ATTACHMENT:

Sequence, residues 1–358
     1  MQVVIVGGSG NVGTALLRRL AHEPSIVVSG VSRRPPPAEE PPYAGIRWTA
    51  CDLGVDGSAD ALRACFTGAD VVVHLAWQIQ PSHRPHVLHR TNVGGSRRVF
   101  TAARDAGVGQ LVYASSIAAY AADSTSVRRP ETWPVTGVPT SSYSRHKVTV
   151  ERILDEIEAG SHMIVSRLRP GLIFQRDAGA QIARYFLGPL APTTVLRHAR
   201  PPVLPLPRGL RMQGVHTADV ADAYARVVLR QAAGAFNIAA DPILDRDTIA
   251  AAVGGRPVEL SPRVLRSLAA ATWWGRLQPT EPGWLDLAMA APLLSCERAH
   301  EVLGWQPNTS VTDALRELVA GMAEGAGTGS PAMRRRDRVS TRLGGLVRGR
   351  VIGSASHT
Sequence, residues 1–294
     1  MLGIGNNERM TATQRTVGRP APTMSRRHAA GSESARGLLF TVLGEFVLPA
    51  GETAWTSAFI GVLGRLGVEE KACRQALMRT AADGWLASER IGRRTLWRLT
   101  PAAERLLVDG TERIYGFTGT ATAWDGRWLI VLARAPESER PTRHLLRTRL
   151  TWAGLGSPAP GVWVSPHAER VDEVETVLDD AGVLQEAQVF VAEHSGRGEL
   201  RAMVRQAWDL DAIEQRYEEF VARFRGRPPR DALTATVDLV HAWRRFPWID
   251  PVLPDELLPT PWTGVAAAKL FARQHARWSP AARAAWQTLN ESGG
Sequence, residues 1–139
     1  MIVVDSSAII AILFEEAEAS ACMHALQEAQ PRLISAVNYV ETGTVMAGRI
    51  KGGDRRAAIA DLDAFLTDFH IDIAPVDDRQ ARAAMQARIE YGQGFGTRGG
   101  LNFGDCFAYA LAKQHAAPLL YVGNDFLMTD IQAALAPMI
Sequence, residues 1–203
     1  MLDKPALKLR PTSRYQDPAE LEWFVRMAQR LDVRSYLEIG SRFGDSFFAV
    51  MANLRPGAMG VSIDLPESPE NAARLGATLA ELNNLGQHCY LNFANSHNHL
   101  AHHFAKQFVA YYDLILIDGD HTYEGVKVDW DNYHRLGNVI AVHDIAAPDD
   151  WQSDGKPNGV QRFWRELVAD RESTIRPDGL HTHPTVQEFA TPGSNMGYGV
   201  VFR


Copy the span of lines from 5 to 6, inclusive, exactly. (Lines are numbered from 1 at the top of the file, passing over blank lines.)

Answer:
   151  ERILDEIEAG SHMIVSRLRP GLIFQRDAGA QIARYFLGPL APTTVLRHAR
   201  PPVLPLPRGL RMQGVHTADV ADAYARVVLR QAAGAFNIAA DPILDRDTIA